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NORTH CAROLINA COURT OF APPEALS
Filed: 16 November 2004
GARY RAY SCHENK, SR.,
v. Rowan County
No. 98 CVS 2489
HNA HOLDINGS, INC., also known
as TREVIRA, INC. formerly HOECHST
CELANESE, INC. and FIBER
DONALD LEE BELL,
v. Rowan County
No. 99 CVS 223
HNA HOLDINGS, INC., also known
as TREVIRA, INC. formerly HOECHST
CELANESE, INC. and FIBER
Appeal by plaintiffs from judgments entered 3 January 2003 by Judge Charles C. Lamm in Rowan County Superior Court. Heard in the Court of Appeals 30 August 2004.
Wallace and Graham, P.A., by Mona Lisa Wallace, and Mauriello Law Offices, by Christopher D. Mauriello, for plaintiffs-appellants.
Kasowitz, Benson, Torres & Friedman, by Michael E. Hutchins, and Parker Poe Adams & Bernstein, LLP, by Josephine H. Hicks, for defendants-appellees.
MARTIN, Chief Judge.
Plaintiffs’ appeals in these cases present to this Court identical questions of law; therefore, we have consolidated the appeals pursuant to Rule 40 of the North Carolina Rules of Appellate Procedure. N.C. R. App. P. Rule 40 (2004). The appeals arise from lawsuits in which plaintiffs sought compensatory and punitive damages from defendant, HNA Holdings, Inc., for alleged occupational exposure to asbestos dust and fibers at defendant’s Salisbury polyester manufacturing plant.
Summarized only to the extent necessary for an understanding of the issues raised on appeal, the evidence at trial tended to show that defendant, HNA Holdings, Inc., or its predecessors in interest, owned the Celanese Fiber Plant (Celanese), located in Salisbury, N.C., since operations began in 1966. Like many industrial plants built in the 1960’s and 1970’s, the Celanese plant was constructed with insulation containing asbestos.
Daniel Construction Company built the Celanese plant and then provided maintenance for the company in specialty areas such as welding, pipe fitting, rigging and insulation. Daniel and its successor in interest, Fluor Daniel (Daniel), employed plaintiff Schenk as a pipe fitter/welder beginning in 1975. Plaintiff Schenk worked for Daniel off and on until 1992 when Becon Construction Company (Becon) took over Daniel’s maintenance contract. He continued to work for Becon at Celanese until 1995. As a pipe fitter/welder plaintiff Schenk was exposed to insulation containing asbestos both through his work handling pipes and from being around people working with the insulation.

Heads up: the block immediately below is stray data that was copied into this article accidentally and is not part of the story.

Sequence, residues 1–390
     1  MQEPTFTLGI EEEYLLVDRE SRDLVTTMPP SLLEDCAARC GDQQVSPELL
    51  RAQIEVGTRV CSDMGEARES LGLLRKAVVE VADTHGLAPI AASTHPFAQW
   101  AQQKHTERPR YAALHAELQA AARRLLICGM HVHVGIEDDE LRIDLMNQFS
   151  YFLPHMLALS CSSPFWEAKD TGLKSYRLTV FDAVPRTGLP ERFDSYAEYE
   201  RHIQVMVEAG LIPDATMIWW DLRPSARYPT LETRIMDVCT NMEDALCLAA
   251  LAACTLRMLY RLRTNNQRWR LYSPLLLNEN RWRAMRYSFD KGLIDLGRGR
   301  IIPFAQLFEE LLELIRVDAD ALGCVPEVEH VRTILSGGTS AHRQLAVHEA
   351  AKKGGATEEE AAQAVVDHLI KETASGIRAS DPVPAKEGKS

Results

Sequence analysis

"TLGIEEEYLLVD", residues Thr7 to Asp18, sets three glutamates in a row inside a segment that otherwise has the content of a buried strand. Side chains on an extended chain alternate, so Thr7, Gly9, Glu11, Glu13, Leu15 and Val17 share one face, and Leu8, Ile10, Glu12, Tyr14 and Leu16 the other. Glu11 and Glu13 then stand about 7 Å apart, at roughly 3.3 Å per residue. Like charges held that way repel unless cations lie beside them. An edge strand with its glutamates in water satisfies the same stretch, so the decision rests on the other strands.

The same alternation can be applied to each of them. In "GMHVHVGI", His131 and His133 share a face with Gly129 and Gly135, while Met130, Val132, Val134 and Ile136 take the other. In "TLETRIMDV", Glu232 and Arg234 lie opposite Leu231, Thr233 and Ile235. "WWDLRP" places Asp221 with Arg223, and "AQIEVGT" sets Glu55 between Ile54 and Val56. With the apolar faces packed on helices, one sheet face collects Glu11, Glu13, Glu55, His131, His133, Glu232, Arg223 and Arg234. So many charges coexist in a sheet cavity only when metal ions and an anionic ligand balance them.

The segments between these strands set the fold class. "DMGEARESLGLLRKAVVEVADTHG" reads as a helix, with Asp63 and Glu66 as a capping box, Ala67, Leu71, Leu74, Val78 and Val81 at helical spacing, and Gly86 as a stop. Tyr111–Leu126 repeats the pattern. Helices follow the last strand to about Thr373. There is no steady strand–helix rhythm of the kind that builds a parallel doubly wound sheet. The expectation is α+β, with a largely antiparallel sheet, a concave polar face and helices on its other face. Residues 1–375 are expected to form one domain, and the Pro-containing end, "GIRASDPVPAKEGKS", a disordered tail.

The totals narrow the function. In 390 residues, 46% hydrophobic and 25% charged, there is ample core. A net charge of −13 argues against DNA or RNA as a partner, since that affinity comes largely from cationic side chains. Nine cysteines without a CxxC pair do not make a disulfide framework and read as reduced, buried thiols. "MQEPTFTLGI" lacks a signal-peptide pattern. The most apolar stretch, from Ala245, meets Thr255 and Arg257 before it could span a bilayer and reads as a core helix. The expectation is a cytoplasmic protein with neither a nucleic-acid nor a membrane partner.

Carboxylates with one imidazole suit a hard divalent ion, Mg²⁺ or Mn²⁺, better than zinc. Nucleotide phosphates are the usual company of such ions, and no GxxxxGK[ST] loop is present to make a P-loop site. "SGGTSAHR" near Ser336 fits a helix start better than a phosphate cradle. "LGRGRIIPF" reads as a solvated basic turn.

Daniel employed plaintiff Bell as an insulator for Celanese intermittently between 1973 and 1981, and then from 1988 until 1992. In 1992, when Daniel lost the overall maintenance contract to Becon, plaintiff Bell began working as an insulator for Becon and continued until 1995. At trial, plaintiff Bell testified he was exposed to asbestos dust in his work insulating pipes at Celanese while cutting the insulation on a band saw, “rasping” or smoothing the rough edges of the insulation, and while removing asbestos “in every facet of the plant.”
Plaintiffs offered the testimony of James Whitlock (Whitlock), an asbestos handling and removal specialist who worked for SOS, a subsidiary of Daniel. Whitlock, who was hired to oversee the removal of asbestos material at Celanese, testified at trial that prior to his arrival in 1990, insulators for Daniel were removing asbestos from the Celanese plant. During his first walk-through of the plant after he was hired, Whitlock observed areas where the asbestos insulation was in a “dilapidated condition and was hanging from the pipes,” areas where insulation was on the floor, and areas where insulation was “in piles.” He also saw non-authorized individuals “handling and removing asbestos.”
Whitlock testified that in a memorandum to the plant industrial hygienist, Dave Smith, the resident engineer, John Winter (Winter) and others, he informed them that “there was a lot of maintenance people that were doing removal of asbestos-containing insulation and that they were leaving the insulation lying around in the areas, and this was cause for concern because it was causing exposure.” The next day, Winter asked Whitlock to “collect those letters and rip them up, take the letter out of [his] computer, off [his] hard drive, get it off floppy disk, and do away with it.”
For asbestos removal, Whitlock recommended Celanese use a “global abatement procedure.” In this procedure, a large area is contained and asbestos is totally removed from the entire area without other workers present. However, Whitlock’s recommendation was rejected in favor of a “glove bagging” technique where only a small area is contained for removal of a small bit or piece of pipe insulation rather than abatement of the whole area. Other workers were often present during the glove bagging method.
Prior to trial, the court denied defendant’s motion to strike the punitive damages claim but allowed an alternative motion to exclude any reference to punitive damages or defendant’s financial worth until the court determined that plaintiffs had presented sufficient evidence to submit an issue of punitive damages to the jury. At the close of plaintiffs’ evidence, after hearing arguments, the trial court granted defendant’s motion for directed verdict on the issue of striking the punitive damages claim.
The jury returned verdicts in favor of plaintiffs, finding the maintenance and construction work performed by plaintiffs was an inherently dangerous activity. The jury also found plaintiffs were injured as a direct result of defendant’s negligence. Plaintiffs were awarded compensatory damages for personal injuries. The trial court then conducted a “set-off” hearing and reduced the awards by the amount each plaintiff had recovered as a result of prior settlements from other sources.